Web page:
Unfortunately for me, this weight loss didn’t last for the rest of my high school career. It came to a screeching halt in eleventh grade when I had to take half a year off of dance due to tendinitis and a stress fracture. Needless to say, I stopped exercising to help heal my body and ended up gaining a ton of weight. I knew I was getting bigger but I didn’t know how to stop it. To make matters worse, one of my best friends at the times was such a snob about size. Whenever we went shopping, she would always remark on how she was a size XS or S or a size 0 or 2 and how “they just don’t have my size because I’m small.” Hearing these comments day in and day out started to take a toll on me. I felt too big because I wasn’t a size 0 or 2. I was a 6. The day she told me that she “couldn’t believe that our other friend was a size 6,” hurt me.
In addition to this friend, I had another friend who also seemed to struggle with her weight. However, her way of coping with her insecurities over her weight was to talk about other people’s weight. I once made a comment on how fat I was while trying on a dress at the mall and her response was “Yeah you’ve put on a lot of weight over these last few months.” To say that these words added to my insecurities would be an understatement.
I was insecure going to prom in my dress because it was strapless and I thought my arms were way too big to pull it off. I was terrified walking across the stage to get my diploma because I didn’t want everyone looking at me thinking I was the “fat girl.”
Now, I am a sophomore in college and my relationship with my weight is slowly getting better. There are days when I’m insecure about going to dance because I’m afraid I look way bigger than the other girls in my class. One day, we did partnering and I almost had an anxiety attack over the fact that the guy had to put his arms around my stomach. I was terrified that he would be feeling my stomach, thinking that it wasn’t tight enough and that I was a gross human being.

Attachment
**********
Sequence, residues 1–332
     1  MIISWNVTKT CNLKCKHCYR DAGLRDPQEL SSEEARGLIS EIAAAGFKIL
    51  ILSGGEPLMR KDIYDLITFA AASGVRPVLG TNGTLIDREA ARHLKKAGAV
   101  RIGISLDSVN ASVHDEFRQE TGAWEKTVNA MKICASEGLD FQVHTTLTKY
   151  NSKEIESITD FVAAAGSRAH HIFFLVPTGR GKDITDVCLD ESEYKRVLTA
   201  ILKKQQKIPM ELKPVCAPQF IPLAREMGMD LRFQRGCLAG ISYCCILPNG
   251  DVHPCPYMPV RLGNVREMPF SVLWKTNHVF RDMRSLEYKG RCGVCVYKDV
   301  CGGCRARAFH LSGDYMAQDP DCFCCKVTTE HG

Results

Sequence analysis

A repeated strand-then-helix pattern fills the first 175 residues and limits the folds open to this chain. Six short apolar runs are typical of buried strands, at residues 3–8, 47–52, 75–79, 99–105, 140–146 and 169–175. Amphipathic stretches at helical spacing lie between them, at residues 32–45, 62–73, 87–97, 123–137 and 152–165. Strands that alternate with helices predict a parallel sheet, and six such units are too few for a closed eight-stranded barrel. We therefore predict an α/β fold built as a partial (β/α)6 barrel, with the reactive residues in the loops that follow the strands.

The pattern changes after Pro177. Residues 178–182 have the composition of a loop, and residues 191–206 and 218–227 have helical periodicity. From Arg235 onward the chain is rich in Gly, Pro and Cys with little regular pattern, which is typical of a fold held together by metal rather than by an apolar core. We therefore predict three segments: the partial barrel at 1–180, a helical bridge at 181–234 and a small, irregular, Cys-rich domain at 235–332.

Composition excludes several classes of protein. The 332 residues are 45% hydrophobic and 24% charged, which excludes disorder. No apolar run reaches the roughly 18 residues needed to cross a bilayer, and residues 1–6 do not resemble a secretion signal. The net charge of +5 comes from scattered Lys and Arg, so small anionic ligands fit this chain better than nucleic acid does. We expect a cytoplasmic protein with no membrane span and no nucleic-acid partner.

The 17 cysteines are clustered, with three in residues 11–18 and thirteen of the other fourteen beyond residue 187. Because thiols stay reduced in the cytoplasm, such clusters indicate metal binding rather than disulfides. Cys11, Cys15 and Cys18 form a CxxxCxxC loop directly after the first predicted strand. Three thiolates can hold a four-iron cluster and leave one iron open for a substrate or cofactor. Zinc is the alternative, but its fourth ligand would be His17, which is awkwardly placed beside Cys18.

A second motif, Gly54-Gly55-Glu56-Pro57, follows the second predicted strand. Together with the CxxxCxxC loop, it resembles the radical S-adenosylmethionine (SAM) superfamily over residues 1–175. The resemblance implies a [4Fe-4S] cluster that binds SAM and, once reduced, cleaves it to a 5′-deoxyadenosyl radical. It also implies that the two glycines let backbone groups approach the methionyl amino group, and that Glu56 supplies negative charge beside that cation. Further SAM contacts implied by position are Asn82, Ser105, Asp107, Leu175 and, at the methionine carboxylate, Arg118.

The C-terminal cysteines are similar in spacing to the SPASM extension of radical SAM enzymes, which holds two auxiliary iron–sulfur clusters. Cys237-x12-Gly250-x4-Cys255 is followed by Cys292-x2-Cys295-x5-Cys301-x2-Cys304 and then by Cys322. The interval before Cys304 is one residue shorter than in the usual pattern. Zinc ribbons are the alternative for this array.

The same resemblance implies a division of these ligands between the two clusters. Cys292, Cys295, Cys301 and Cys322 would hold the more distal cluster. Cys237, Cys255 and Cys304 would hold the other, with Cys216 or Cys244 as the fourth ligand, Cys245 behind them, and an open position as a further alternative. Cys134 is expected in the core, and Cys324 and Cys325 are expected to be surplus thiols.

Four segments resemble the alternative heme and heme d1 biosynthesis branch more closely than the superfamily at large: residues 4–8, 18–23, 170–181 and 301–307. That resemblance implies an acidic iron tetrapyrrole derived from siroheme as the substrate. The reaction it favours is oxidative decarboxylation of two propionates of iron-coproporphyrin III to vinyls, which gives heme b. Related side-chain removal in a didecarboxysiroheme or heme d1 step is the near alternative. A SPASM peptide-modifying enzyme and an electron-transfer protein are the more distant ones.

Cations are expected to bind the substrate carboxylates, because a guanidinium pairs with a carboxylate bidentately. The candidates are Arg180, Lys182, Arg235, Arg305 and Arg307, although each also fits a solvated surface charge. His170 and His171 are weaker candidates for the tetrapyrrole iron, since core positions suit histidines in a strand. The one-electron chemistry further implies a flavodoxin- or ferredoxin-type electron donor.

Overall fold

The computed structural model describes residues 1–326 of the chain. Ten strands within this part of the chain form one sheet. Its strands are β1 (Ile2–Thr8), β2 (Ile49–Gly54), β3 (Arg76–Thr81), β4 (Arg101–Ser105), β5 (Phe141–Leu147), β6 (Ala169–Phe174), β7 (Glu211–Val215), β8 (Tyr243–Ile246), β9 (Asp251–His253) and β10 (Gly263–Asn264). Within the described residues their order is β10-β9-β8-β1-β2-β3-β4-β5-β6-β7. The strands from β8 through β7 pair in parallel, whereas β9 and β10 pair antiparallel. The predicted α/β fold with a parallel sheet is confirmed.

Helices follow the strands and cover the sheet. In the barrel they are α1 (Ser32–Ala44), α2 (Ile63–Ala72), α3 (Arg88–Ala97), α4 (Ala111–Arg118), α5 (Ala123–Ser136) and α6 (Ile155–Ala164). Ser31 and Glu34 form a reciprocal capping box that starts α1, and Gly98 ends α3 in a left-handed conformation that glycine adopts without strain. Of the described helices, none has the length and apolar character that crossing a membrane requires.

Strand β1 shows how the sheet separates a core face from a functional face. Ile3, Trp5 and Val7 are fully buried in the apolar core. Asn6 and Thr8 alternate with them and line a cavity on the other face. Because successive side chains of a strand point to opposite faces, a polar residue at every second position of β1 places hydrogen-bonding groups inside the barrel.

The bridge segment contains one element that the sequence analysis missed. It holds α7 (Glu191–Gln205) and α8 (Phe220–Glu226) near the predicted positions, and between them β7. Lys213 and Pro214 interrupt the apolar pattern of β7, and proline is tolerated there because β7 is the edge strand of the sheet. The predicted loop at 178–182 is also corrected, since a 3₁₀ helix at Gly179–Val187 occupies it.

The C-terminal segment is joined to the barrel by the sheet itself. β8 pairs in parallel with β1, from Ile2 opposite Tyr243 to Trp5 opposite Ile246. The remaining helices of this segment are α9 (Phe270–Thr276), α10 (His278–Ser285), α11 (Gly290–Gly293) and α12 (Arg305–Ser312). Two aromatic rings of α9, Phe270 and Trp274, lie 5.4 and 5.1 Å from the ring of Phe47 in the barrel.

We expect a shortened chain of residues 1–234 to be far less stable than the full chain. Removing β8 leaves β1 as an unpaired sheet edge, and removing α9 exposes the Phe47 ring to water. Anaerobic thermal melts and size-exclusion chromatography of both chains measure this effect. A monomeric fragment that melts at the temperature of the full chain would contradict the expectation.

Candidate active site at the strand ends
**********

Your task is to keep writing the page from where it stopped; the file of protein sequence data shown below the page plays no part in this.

However, I am slowly having more good days than bad ones. I am finding ways to exercise that I enjoy such as kickboxing, dance and yoga. I started meal prepping to help control my portions and ensure that I eat healthy when I come back late from class. I am starting to look in the mirror and like my body again.
I didn’t write this essay to criticize and shame the people who have made comments about my body along the way. I am writing this essay because while our culture has acknowledged how the media and the modeling industry impacts young girls concepts of weight, no one wants to look at herself and see how she made that impact on another. That soccer-mom, my friends and the boys at my science table probably have no idea how long their words have impacted the way that I see myself. Our words are powerful and we must use them with caution.
For telling a girl that she is fat, never has and never will, solve the problem and make her skinnier.